“The Clinical and Translational Science Award supports many key functions, including regulatory and compliance issues, animal care and oversight, human subject research, biomedical research ethics, and core facilities needed in modern biomedical research,” said Brian Herman, Ph.D., vice president for research at the Health Science Center. “Bioinformatics is a very high-priority area. The award supports the latest in data gathering and analysis, matching up clinical partner databases with research databases to try to get the most out of the information generated.”

Research, education, training and career development are primary focuses of the Institute for the Integration of Medicine and Science. Michael J. Lichtenstein, M.D., M.Sc., a co-principal investigator from the Health Science Center, said the hard-earned NCRR award will lead to development of a new interdisciplinary Ph.D. program in clinical and translational science that trains the next generations of physicians, dentists, nurses and allied health professionals to conduct the research necessary to improve the health of San Antonians and South Texans.

The program, to be shared among South Texas components of the U.T. System, is expected to be submitted for U.T. System Board of Regents and Texas Higher Education Coordinating Board approval in the next three years.

Dr. Lichtenstein; Robin Brey, M.D.; and Kenneth Hargreaves, D.D.S., Ph.D., of the Health Science Center are the co-principal investigators on the San Antonio award.

Drs. Cigarroa, Herman and Clark thanked the strongly supportive community partners without whom the award would not be possible: CHRISTUS Santa Rosa Health Care, the San Antonio Metropolitan Health District, the San Antonio Military Medical Center, the South Texas Veterans Health Care System, the Southwest Foundation for Biomedical Research, the University Health System and The University of Texas at San Antonio. They also thanked South Texas partners UT-Pan American at Edinburg, UT Brownsville and the UT School of Public Health.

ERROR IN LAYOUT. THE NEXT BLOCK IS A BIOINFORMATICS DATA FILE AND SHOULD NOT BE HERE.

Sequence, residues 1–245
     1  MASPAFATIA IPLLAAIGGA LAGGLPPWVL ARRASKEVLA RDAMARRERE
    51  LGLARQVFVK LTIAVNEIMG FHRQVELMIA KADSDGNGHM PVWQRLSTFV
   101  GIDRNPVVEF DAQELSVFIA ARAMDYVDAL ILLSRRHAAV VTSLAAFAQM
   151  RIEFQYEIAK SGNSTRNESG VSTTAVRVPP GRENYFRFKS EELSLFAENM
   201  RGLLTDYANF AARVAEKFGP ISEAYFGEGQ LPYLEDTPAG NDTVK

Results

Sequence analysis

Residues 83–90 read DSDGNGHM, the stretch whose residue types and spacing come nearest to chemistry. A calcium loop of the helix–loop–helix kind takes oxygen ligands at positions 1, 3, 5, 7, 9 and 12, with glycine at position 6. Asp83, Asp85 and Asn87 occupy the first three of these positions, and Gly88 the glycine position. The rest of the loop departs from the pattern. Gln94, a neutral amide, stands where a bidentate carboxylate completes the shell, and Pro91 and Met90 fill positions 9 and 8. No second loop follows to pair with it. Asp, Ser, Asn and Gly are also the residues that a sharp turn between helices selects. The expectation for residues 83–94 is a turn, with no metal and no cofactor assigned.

UT Medicine, the multispecialty practice group consisting of Health Science Center faculty physicians, will be integrally involved in the bioinformatics and community engagement portions of the award, as will private practice physicians, patient advocacy groups and others.

“The Institute for Integration of Medicine and Science will provide the infrastructure to support our faculty’s efforts to bring scientific discoveries to bear positively on the health of the people of South Texas, the U.S. and the world,” Dr. Clark said.

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The University of Texas Health Science Center at San Antonio is the leading research institution in South Texas and one of the major health sciences universities in the world. With an operating budget of $576 million, the Health Science Center is the chief catalyst for the $15.3 billion biosciences and health care sector in San Antonio’s economy. The Health Science Center has had an estimated $35 billion impact on the region since inception and has expanded to six campuses in San Antonio, Laredo, Harlingen and Edinburg. More than 23,000 graduates (physicians, dentists, nurses, scientists and allied health professionals) serve in their fields, including many in Texas. Health Science Center faculty are international leaders in cancer, cardiovascular disease, diabetes, aging, stroke prevention, kidney disease, orthopaedics, research imaging, transplant surgery, psychiatry and clinical neurosciences, pain management, genetics, nursing, allied health, dentistry and many other fields. For more information, visit www.uthscsa.edu.